Friday, January 1, 2010

The Other California: The Prairies of the Past

Photo from the San Joaquin Valley Paleontology Foundation

A colleague of mine in an earlier phase of my life at Santa Barbara City College was fond of saying to field trippers that "I wouldn't take you JUST anywhere!" And a great Peanuts cartoon talked about a field trip the kids went on, and how they went and saw...a field. And that's what we have today: not just anyplace, and it is ... a field. And not just a field, it's a real dump. Well, ok, more like a municipal solid waste landfill.

My home, the Great Valley geomorphic province, is, well, a field. A really BIG field, about 400 miles long, and roughly 50 miles wide. It ranges from sea level to at most a few hundred feet above sea level, and it is exceedingly flat. I wasn't too thrilled when I first moved here; we geologists like to have some kind of topography in sight. Little remains of the original landscape, maybe 5%; most has been altered by agriculture and urban development. I discussed some of the remaining grasslands in the original post of this series.

When Europeans first came upon the valley in the 1700's, they found a prairie/ savannah environment with tule elk, deer, pronghorn antelopes, wolves, coyotes, and grizzly bears. It could actually be dangerous to be out and about without weaponry. Today the big danger is to avoid getting run over by a tractor/combine on the isolated country roads.

I always tell my students that the geological story of your home is fascinating, no matter where you live. I was challenged to make our Great Valley interesting, but just like people, the most interesting aspect is inside, beneath the surface.

In 1993, Madera county was excavating a landfill at Fairmead (about 20 miles northwest of Madera) when the big shovels uncovered bone fragments at a depth of 40 or so feet beneath the surface. Because of state regulations, a paleontologist was called in, and an intriguing story unfolded. During the ice ages around 500,000-700,000 years ago, this landscape was cooler, with a more humid climate, and shallow rivers coursed across the grasslands. And a host of wonderful and strange animals lived out their lives here. In the last 17 years, some 14,000 bones, representing 37 species have been found at the site. Numerous horse and camel species, pronghorn, giant ground sloths (three species),and Columbian mammoths are included among the plant-eaters. The carnivores include coyotes, wolves, sabertooth cats, and the hulking short-faced bear. A wide variety of smaller rodents, fish, amphibians, and reptiles rounded out the ecosystem. It turned out to be the one of the most important Irvingtonian aged fossil assemblages to be found anywhere in California.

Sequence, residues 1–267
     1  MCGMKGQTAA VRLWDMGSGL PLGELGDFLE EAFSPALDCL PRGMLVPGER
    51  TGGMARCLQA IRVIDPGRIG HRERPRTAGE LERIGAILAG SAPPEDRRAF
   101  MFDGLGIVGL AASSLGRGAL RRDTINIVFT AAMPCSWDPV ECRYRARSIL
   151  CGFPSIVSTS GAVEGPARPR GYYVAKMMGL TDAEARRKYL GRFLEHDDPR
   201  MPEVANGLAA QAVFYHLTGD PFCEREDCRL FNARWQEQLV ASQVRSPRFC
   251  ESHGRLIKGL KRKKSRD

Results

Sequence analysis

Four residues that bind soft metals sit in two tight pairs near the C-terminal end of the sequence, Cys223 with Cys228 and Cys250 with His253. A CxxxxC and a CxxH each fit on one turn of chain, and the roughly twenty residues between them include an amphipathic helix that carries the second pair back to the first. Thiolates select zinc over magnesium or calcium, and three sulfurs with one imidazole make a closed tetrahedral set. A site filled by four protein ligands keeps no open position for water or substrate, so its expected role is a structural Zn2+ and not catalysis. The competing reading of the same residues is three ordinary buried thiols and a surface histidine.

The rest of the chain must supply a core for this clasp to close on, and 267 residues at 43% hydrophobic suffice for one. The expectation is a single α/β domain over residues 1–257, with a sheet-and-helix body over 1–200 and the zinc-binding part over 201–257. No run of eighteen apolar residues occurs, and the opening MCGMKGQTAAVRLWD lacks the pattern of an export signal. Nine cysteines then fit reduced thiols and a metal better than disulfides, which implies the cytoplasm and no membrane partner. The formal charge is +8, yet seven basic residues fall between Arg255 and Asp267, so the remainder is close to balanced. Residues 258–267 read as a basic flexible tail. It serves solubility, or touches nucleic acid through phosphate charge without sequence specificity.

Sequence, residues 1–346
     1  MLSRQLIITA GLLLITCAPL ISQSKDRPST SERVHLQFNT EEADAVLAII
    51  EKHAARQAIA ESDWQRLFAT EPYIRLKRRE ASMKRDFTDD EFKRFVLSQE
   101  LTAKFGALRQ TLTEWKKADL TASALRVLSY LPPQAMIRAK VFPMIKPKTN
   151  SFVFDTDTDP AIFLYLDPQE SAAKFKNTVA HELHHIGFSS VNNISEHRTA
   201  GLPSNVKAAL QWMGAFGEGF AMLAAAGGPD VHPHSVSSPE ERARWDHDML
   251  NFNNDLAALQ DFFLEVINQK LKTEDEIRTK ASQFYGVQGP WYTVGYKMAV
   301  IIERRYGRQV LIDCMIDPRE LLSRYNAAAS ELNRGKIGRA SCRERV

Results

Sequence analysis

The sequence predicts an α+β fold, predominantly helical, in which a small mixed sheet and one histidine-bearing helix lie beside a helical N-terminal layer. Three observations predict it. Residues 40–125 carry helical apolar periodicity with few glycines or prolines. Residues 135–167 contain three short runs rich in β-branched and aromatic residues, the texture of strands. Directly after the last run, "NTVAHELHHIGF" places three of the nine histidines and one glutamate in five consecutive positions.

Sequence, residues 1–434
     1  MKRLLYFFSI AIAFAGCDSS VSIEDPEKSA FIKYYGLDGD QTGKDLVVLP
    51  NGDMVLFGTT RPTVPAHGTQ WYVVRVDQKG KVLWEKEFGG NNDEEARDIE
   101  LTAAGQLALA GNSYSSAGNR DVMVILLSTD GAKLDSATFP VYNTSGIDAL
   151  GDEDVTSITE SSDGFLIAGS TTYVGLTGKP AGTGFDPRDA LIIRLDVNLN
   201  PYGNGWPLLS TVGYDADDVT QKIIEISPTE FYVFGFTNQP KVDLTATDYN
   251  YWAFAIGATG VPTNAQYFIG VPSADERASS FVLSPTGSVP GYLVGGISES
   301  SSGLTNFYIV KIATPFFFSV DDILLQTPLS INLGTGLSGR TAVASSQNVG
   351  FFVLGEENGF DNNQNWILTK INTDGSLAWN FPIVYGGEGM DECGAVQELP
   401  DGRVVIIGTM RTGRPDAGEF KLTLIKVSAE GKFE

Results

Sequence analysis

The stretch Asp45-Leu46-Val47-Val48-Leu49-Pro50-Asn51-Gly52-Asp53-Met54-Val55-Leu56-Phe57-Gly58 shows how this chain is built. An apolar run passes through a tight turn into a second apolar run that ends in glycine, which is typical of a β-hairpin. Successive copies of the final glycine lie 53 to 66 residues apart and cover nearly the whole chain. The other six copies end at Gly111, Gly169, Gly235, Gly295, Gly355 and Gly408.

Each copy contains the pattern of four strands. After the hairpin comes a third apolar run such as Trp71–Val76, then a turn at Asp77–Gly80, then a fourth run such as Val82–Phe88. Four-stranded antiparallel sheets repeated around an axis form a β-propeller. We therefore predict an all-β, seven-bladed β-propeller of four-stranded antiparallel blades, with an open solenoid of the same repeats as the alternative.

So what is a dump operator to do? Apparently, the right thing! A foundation has been established, the San Joaquin Valley Paleontology Foundation, and construction has begun on a Fossil Discovery Center at the landfill site that will serve as an education/research facility housing many of the specimens (most are currently at Berkeley and CSU Fresno). Science education opportunities are sorely lacking in the Great Valley, and this center will be a wonderful addition to the few resources that are currently available.

So, the next time you happen to pass through Madera or Fresno (presumably on your way to someplace else), check on the progress of the Fairmead Fossil Discovery Center. It's a unique part of the geological landscape of California.

Note: I haven't been there yet. All the photos are from the website for the San Joaquin Valley Paleontology Foundation and other online sources (credited below).

Camel bones at the Fairmead Landfill, photo from the California Integrated Waste Management Board

Painting by David Douglas for the San Joaquin Valley Paleontology Foundation

Geology and stratigraphy information about the site:

Preliminary 1996 report on the site

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